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1st Childhood

[Disclaimer: This is not, I repeat, THIS IS NOT a “I Hate Soulja Boy” post. I don’t think he is “killing Hip Hop.” Maybe a couple brain cells, but not Hip Hop.]

This had been on my mind for months, but I was weary about posting it. Mainly because I didn’t really feel like throwing in my two cents with the millions of penny thoughts that bloggers and commenters had already left on Soulja Boy. But here goes…

A couple of months ago I had the privilege of being in the studio with one of our more intelligent rappers and someone who many consider to be a legendary producer (no name dropping here). There were a couple other guys in the room and the intellegent rapper got in an music arguement with one of the other guys. The guy said he felt that people were being too harsh on 17-year old Soulja Boy and his skills (or lack thereof), that he deserves all the shine he is getting because he put in work on the internet and sparked a movement by himself. He felt that he shouldn’t be criticized for the kind of music he makes because he is “just a kid.”

The intelligent rapper agreed that Soulja Boy deserved the shine, but felt that what he had was “not a movement, its a moment.” He also stressed that Soulja Boy should not be given a pass because of his youth.

Seeing my man Gooch’s post on Soulja Boy’s production prowess and future and the comments that followed rekindled the thoughts that I had after watching that arguement between the intelligent rapper and guy in the studio.

Really, why do people enable Soulja Boy’s music because of his age? Granted, when I was 17, I wasn’t discussing world religion, politics or “deep shit” as they say. I wasn’t listening to too much “message music” either. Much like Soulja Boy, I was dancing and shit too. In Decatur and pretty much the entire Atlanta area we used to bounce, tick and ragtop all the got damn time. In the club, skating rink, at the park, hell some of us would crank that shit up in the middle of the school hallway sometimes. But of course…it was different back then. Mainly because we could balance the shit out with other music.

Plus, even though we might have been teenagers, people still held us to a certain standard. Like, if we did something we weren’t supposed to or acted like a buffoon, we didn’t get enabled with “oh, he just a kid, he only 17.” Last time I checked, 17-years old ain’t exactly childhood. By that time you’ve had your license for a year and you are one year away from deciding if you want to go to school or go to war.

How does this relate to the Soulja Boy cat, simple. I keep hearing people say “aw, leave that little nigga alone, he is for the kids.” What kids? When I was 17, we didn’t have that kind of music really. The closest thing to it (in theory, not quality) might have been some shit we danced (with girls) to like A-Town Players, Kizzy Rock, Kilo and even Soulja Boy’s producer Mr. Collipark formerly known as DJ Smurf. But still, as much as we danced to it, they (especially ATP and Kilo) were still rapping.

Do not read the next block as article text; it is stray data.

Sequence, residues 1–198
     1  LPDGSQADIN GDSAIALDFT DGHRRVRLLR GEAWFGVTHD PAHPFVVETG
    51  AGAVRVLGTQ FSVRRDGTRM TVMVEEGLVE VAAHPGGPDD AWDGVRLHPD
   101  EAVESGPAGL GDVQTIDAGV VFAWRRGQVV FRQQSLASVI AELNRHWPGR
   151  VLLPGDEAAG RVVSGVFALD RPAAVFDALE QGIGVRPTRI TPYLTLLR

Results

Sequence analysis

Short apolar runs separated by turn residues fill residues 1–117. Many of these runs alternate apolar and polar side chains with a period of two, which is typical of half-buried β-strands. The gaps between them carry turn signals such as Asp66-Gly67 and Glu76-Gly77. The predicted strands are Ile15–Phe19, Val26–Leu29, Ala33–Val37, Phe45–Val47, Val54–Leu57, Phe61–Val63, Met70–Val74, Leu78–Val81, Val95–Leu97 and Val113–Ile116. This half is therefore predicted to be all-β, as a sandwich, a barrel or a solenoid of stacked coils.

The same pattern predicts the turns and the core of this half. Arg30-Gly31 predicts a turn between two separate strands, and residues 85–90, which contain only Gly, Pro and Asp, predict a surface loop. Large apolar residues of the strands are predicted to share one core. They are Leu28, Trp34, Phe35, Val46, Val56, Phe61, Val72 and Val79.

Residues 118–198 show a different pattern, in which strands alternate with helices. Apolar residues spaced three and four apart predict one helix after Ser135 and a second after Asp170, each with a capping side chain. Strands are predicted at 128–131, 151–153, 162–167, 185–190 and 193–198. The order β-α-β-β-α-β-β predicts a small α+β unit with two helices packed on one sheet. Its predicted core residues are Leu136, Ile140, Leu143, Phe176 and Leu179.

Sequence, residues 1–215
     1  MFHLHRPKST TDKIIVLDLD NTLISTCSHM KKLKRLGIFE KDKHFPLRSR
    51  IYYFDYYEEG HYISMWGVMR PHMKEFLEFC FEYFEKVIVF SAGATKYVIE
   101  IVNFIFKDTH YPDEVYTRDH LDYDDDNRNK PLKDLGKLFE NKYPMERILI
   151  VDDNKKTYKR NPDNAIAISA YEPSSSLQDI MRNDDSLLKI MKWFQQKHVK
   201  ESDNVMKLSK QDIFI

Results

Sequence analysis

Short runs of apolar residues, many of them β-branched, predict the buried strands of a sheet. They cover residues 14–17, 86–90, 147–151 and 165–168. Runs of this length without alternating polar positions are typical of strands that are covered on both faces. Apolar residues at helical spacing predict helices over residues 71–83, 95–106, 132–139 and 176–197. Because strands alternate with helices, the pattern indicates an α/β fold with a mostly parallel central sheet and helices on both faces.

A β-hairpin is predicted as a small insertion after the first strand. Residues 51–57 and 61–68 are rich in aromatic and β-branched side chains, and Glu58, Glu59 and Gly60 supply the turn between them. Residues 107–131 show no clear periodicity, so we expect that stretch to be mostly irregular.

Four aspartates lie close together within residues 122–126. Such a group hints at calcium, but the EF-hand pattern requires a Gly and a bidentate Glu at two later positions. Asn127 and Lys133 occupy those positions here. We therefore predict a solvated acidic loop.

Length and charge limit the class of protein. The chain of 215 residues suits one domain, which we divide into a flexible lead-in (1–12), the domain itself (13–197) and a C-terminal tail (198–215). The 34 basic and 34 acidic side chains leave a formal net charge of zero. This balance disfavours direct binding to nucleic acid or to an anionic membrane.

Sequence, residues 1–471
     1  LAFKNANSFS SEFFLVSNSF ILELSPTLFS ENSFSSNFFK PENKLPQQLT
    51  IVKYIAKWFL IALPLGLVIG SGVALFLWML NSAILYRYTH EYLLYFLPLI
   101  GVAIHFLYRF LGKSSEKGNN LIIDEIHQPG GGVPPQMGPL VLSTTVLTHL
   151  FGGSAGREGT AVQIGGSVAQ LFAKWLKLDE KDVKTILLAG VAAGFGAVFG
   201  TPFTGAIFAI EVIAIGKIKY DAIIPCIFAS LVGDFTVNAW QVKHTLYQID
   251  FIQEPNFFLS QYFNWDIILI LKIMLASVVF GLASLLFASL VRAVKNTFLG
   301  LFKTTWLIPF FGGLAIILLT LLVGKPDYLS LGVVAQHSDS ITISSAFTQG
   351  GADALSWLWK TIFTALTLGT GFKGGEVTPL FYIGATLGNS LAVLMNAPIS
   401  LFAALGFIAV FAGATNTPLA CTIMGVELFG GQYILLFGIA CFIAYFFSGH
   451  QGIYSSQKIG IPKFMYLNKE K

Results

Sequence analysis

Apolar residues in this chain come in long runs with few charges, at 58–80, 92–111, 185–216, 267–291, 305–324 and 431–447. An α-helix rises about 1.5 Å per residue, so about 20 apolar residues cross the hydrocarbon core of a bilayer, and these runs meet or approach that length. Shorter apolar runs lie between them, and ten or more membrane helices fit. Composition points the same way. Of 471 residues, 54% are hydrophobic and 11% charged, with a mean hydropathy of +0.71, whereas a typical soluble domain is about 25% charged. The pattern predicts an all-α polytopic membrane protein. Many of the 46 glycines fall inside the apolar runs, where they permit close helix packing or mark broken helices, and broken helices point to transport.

When I was coming up, “kiddie rap” consisted of Kris Kross. But hell, by the time they turned 17 they were on some other shit. As for Illegal and Da Youngstas, there wasn’t much young about their music. Shied, they were going hard before they even hit 17. Hell, even though T.I. was writing most of his lyrics at the time, even Bow Wow wasn’t sounding ignorant when got to be 16-17 years old.

Then I start thinking about Mobb Deep. They were “only 19” when they blew up, but they were 17 when they first came out. I’m not saying I’m co-signing Mobb’s ultra-violent visuals over Soulja Boy’s “innocent” skeetings and shootings. But I am co-signing on their ability to put words and paragraphs together in a clever and compelling manner, all while in their teens.

And oh, how could I forget Mac Mall dropping what many consider to be the dopest CD by an under-18 rapper ever, Illegal Business?.

So, after mentioning all of those teenaged acts, I find it difficult as to why people simply say “aw, Soulja Boy only 17, he for the kids.” If he is “for the kids,” man, that’s some scary shit. You know, every time a debate about rap lyrics come up, defensive rappers love to use the “Hip Hop is a reflection of society” argument. If Soulja Boy is for the kids, what does that reflect? When I hear songs like “Yaaaaah” and “Report Card,” they don’t make me mad, they actually worry me. If that shit is the reflection of what’s going on with 17-year olds, maaaaaaan, we’re in trouble.

Don’t get me wrong, I volunteer and talk to kids pretty often, and not all of them are bad and dumb. Alot of them are just confused as hell. I probably would be too if I was young and growing up in the Information Overload Age. The notion that younger kids “don’t know real Hip Hop” is true to a degree. From talking to them, I don’t think alot of them are really into Hip Hop all that much to begin with. They are more so into information, and Hip Hop and rap music (along with random smut, violence and useless data) just so happens to take up a hefty chunk of the information being disseminated.

Like I said before, this is not a Soulja Boy bashing. I’m usually too busy to pay stuff like this attention, thus, like so many others, I simply brushed it off as “kiddie music.” But after getting bombarded with his nearly unavoidable music and hearing buddy joyfully rapping about getting F’s and settling for some D’s, it kinda concerned me ya’know? Yeah, its meant to be funny, but I can’t help but to think its having more than just a comedic effect.

When did being young start equating to being dumb? Immature, yeah. Naive, ok. But dumb? Damn, when did that happen? Is the education system in this country that screwed up?

When Jay said “30 is the new 20″ did that mean that 10 years got taken off for everybody? Is 17 the new 7?

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